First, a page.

The dynamically positioned drillship, Chikyu, has performed riser drilling operations twice in high-current environments in the Nankai Trough, offshore Japan. The drilling site is located in a water depth of approximately 6, 361 ft (1, 939 m) and regularly experiences the Kuroshio Current. The mean surface current at the site is 3.5 knots, and the 1-year extreme current is 7.0 knots. In addition, the current is not seasonal and typically changes frequently during the day. The Nankai Trough site also experiences intense typhoons during the months of July to October and frequent cold fronts from November to January. Thus, all operational phases need to be analyzed thoroughly to account for these harsh environmental conditions.
The following operational issues need to be carefully considered: riser deployment and retrieval, BOP/LMRP landing approach with vessel drifting, determination of watch circles, typhoon evacuation plans, hang-off operational criteria, evacuation plans for cold fronts, allowable riser tension range, and riser fatigue measurement with vortex-induced vibration (VIV) monitoring.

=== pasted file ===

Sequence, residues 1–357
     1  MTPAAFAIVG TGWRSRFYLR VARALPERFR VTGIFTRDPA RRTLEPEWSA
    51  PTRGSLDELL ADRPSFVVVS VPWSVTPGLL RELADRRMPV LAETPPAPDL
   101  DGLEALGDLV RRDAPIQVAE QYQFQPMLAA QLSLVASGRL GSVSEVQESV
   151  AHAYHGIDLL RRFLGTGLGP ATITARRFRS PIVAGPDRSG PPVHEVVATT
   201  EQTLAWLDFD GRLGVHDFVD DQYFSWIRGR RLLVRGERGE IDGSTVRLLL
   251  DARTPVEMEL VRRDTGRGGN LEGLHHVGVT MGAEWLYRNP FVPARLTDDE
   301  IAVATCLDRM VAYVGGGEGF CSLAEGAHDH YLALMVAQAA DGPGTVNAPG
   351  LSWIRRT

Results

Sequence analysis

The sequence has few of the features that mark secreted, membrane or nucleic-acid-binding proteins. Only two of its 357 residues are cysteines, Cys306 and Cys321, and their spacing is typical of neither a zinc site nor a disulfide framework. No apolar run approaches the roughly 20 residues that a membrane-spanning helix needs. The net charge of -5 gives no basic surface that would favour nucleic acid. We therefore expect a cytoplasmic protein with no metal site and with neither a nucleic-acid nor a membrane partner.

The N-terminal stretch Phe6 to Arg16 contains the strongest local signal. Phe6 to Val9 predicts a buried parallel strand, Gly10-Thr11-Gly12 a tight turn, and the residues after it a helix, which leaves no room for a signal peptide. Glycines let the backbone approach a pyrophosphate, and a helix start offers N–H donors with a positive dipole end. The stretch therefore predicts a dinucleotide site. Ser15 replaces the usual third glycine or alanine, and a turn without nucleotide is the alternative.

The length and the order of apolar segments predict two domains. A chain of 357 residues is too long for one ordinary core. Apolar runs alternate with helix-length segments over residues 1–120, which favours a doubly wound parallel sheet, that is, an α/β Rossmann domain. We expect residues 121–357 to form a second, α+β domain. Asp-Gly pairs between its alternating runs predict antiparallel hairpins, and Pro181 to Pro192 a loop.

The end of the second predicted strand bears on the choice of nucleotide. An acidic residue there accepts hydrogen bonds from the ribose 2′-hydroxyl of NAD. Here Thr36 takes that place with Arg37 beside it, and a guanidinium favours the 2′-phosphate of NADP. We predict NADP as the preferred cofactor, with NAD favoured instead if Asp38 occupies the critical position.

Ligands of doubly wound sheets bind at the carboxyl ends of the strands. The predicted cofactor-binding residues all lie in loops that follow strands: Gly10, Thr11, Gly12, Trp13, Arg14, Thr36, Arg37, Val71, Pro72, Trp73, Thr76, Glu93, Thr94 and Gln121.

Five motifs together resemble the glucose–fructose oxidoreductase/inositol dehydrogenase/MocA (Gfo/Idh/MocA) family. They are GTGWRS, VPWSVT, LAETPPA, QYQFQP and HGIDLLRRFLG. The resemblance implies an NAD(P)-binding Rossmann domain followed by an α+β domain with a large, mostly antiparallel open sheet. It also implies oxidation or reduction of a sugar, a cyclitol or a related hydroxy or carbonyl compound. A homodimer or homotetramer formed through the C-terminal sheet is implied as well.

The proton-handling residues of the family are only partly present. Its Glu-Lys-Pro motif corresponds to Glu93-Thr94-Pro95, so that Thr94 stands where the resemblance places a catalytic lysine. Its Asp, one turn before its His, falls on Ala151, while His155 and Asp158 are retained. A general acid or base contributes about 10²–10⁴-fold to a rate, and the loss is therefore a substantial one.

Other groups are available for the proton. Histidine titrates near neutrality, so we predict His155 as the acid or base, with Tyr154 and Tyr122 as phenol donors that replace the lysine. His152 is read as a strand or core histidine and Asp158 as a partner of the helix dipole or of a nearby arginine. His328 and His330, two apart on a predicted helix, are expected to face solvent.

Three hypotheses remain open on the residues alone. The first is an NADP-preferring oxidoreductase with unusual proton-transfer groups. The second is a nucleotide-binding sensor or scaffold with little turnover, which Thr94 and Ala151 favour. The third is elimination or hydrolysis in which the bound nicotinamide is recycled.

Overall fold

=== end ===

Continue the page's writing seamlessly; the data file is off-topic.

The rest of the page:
Assessment of deepwater/high-current riser drilling systems provides a means for identifying critical stages of drilling operations and enables their successful execution. Feedback from two drilling campaigns (2012/2013) conducted in high currents are described in this paper. The actual riser response matched riser analysis results to a significant degree. Extreme operations including typhoon evacuation, drilling operations in up to 5.2 knot currents, BOP landing in 4 knots, and emergency disconnect sequences (EDS) due to a cold front were performed in 2012. VIV fatigue damage was extremely low, with a maximum of 1.5% fatigue damage in the entire riser assembly in 2012. In 2013, operational criteria for cold front events were reviewed again since the number of these weather events experienced in 2012 was 3 to 4 times greater than in a typical year.
General guidelines and associated criteria are provided to evaluate a drilling riser system under high currents and approaching typhoons. This paper focuses and discusses the major operational concerns in these harsh environments. In addition, a riser fatigue monitoring system is described that has been used to track fatigue damage on riser joints both from VIV fatigue and wave loads.